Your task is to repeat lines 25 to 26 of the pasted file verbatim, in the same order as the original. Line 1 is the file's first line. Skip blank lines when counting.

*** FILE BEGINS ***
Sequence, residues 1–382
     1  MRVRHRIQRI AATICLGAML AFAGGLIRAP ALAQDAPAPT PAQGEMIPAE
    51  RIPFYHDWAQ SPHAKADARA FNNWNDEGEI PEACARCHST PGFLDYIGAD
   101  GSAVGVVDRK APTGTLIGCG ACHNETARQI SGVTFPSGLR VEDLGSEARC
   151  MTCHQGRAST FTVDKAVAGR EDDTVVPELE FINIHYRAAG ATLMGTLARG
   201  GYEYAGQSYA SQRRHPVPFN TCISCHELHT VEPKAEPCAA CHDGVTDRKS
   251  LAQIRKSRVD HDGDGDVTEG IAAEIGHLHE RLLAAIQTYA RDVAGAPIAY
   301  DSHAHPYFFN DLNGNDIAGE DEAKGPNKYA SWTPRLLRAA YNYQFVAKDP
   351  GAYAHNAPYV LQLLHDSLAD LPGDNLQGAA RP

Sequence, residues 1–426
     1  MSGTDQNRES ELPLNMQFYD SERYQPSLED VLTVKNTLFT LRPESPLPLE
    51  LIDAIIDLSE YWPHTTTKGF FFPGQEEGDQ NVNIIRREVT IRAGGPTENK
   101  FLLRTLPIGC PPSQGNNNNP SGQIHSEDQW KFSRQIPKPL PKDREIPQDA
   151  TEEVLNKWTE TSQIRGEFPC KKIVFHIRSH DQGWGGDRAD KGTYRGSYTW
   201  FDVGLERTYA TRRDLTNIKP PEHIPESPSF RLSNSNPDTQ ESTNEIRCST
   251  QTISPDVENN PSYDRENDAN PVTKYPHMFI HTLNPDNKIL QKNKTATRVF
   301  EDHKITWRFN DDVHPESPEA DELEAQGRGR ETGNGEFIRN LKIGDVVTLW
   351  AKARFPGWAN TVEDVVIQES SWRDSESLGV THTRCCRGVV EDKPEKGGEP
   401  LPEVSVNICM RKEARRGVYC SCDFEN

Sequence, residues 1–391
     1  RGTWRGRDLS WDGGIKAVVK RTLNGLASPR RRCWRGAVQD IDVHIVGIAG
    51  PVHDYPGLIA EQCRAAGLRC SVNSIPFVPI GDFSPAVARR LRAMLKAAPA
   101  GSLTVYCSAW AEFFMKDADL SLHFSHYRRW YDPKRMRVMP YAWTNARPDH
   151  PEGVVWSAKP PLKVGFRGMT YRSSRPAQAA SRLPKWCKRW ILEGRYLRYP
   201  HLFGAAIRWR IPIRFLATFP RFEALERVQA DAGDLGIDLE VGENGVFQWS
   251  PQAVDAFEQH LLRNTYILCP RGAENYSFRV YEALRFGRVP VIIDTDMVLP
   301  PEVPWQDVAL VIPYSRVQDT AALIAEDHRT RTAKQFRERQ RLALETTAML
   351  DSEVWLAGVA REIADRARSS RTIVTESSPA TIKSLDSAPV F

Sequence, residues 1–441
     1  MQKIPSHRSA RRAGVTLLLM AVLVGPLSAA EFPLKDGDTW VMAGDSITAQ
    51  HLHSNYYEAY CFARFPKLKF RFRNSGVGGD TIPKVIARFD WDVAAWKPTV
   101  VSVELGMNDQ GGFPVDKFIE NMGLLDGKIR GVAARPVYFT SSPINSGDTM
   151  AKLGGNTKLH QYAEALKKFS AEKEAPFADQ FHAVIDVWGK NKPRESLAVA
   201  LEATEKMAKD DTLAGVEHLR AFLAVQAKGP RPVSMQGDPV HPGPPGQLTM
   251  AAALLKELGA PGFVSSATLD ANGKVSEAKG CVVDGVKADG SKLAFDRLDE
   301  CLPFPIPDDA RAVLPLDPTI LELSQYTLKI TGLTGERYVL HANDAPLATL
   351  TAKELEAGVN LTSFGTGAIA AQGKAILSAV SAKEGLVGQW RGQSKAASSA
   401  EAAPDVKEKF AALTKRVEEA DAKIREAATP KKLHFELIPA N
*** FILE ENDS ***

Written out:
   201  HLFGAAIRWR IPIRFLATFP RFEALERVQA DAGDLGIDLE VGENGVFQWS
   251  PQAVDAFEQH LLRNTYILCP RGAENYSFRV YEALRFGRVP VIIDTDMVLP